George Mason Philosopher Mark Sagoff to Discuss “What Does Environmental Protection Protect?” at Amherst College Nov. 8
October 17, 2012
AMHERST, Mass. — On Thursday, Nov. 8, at 4:30 p.m. in the Paino Lecture Hall of Amherst College’s Beneski Museum of Natural History building, Mark Sagoff, professor of philosophy at George Mason University and director of the Institute for Philosophy and Public Policy, will give a lecture titled “What Does Environmental Protection Protect?” The lecture, which is free and open to the public, is the first in the 2012-2103 Forry and Micken Lecture Series on “Climate, Nature and the Frontiers of Ethics.” It was organized by the Amherst College Department of Philosophy and funded by the Forry and Micken Fund in Philosophy and Science.
Sagoff has published widely in journals of law, philosophy and the environment. His most recent books are The Economy of the Earth, 2nd edition, and Price, Principle, and the Environment. He was named a Pew Scholar in Conservation and the Environment in 1991 and awarded a Fellowship at the Woodrow Wilson International Center for Scholars in 1998. He is a Fellow of the American Association for the Advancement of Science and of the Hastings Center. What’s more, the Breakthrough Institute named Sagoff as one of its six Senior Fellows of 2012, calling him, “America’s most trenchant environmental philosopher.” Sagoff has an A.B. in history and literature from Harvard University and a Ph.D. in philosophy from the University of Rochester. He has taught at Princeton University, the University of Pennsylvania, the University of Wisconsin-Madison and Cornell University. Before joining the faculty at George Mason, he directed for many years the Institute for Philosophy and Public Policy at the University of Maryland, College Park.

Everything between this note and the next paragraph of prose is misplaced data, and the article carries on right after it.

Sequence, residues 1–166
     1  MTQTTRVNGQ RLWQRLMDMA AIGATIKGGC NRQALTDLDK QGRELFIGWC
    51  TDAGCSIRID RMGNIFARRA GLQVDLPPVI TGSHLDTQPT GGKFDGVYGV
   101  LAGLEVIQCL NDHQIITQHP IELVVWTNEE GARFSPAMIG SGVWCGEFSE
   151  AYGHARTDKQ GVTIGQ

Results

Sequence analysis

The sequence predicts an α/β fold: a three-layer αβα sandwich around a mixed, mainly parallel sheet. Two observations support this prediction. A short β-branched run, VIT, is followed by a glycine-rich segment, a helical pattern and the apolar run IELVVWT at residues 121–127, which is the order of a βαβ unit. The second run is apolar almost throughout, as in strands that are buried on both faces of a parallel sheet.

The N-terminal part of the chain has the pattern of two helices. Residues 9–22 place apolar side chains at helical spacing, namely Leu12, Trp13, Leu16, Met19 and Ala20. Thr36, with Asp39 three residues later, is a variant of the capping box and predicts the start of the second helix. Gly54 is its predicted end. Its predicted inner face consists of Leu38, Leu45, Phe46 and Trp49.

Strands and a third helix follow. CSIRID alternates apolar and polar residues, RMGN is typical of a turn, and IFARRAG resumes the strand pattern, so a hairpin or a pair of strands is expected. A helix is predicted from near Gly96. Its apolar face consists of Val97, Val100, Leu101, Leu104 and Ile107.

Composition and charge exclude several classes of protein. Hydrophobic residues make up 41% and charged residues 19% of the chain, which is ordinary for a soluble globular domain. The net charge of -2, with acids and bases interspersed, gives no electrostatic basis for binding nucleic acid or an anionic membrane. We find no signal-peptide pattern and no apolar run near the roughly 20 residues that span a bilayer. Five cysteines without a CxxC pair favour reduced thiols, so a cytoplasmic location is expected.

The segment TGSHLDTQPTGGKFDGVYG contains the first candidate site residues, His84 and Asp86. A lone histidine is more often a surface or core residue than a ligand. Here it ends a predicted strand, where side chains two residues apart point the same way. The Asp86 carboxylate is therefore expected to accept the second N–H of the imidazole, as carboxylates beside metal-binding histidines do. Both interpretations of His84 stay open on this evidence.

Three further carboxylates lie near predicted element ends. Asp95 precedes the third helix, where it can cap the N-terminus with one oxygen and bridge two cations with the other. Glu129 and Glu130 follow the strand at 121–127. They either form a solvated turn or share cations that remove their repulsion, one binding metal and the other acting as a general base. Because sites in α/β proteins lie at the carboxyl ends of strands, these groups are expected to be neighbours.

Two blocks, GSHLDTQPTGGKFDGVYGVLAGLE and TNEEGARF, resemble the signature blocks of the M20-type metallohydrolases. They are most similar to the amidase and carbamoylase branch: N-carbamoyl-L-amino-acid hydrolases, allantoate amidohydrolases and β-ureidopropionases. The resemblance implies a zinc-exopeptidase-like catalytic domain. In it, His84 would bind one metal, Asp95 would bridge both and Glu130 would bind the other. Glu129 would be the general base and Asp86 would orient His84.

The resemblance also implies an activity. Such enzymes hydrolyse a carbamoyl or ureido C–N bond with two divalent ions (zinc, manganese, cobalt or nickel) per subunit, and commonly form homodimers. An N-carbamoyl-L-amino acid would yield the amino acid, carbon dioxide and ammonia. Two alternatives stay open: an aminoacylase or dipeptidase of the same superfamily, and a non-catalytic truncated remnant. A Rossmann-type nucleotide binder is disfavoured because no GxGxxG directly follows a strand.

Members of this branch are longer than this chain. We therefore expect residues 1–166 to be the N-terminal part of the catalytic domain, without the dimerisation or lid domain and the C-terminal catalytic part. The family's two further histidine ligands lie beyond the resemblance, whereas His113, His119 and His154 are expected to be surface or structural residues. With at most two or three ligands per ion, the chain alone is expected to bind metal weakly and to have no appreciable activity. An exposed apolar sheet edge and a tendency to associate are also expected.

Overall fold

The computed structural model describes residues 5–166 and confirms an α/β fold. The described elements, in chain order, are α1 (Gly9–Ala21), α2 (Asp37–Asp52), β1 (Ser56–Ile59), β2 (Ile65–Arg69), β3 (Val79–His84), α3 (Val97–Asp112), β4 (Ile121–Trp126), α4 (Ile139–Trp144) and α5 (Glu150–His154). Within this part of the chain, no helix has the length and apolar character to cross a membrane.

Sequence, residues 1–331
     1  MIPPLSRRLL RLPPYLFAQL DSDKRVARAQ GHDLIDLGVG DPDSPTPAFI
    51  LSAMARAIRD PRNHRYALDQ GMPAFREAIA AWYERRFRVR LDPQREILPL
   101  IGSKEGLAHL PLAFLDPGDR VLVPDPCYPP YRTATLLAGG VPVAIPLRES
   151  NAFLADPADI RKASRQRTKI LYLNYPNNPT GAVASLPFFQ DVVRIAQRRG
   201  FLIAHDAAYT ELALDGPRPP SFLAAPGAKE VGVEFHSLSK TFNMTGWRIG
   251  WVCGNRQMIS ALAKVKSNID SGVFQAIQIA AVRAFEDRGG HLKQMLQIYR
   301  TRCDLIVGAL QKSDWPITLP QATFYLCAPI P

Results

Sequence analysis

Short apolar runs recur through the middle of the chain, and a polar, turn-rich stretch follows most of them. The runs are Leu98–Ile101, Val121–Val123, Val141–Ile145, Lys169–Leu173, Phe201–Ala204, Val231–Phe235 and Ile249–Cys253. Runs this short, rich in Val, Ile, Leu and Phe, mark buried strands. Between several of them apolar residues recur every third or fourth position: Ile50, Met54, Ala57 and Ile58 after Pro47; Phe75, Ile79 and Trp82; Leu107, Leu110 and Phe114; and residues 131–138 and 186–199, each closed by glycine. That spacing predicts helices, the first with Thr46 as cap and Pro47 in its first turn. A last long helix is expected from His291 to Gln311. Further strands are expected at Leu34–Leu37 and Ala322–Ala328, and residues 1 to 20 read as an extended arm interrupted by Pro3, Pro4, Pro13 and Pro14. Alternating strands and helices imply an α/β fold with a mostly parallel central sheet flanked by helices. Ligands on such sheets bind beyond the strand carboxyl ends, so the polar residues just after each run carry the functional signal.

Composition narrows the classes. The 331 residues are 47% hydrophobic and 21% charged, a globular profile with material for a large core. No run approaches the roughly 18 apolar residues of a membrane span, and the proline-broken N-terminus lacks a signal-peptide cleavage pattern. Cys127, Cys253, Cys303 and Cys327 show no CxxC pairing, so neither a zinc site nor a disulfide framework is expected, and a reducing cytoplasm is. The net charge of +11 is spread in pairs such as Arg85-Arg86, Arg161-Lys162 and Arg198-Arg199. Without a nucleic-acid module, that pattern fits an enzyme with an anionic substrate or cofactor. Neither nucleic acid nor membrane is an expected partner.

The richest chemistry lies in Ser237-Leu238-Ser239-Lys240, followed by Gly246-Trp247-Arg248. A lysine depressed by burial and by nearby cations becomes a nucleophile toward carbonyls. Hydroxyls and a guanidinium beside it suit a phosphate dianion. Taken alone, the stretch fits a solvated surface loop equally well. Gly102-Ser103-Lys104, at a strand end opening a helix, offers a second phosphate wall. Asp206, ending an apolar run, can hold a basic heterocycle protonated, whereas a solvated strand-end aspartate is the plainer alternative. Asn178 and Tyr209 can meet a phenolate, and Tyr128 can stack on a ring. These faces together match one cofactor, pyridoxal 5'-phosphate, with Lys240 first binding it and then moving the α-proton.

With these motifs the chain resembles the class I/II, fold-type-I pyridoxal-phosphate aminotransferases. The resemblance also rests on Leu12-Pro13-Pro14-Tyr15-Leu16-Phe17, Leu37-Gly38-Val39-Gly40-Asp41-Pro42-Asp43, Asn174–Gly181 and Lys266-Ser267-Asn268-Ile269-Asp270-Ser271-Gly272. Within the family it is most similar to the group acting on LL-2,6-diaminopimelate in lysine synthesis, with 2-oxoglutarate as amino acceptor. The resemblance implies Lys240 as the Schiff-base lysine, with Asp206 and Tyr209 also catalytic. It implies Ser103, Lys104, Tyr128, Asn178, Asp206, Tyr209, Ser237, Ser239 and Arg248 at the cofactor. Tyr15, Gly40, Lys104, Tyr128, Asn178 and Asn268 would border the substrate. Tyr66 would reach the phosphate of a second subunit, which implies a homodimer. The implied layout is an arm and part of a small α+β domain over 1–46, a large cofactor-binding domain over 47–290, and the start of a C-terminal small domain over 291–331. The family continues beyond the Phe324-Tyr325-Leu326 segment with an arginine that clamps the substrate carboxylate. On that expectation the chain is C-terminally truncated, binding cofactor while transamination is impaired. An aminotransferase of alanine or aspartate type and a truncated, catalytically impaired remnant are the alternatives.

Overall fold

His lecture is made possible by the Forry and Micken Fund in Philosophy and Science, established in 1983 by John I. Forry ’66 and Carol Micken to promote the study of philosophical issues arising out of new developments in the sciences, including mathematics, and issues in the philosophy and history of science. For more information, call (413) 542-5805.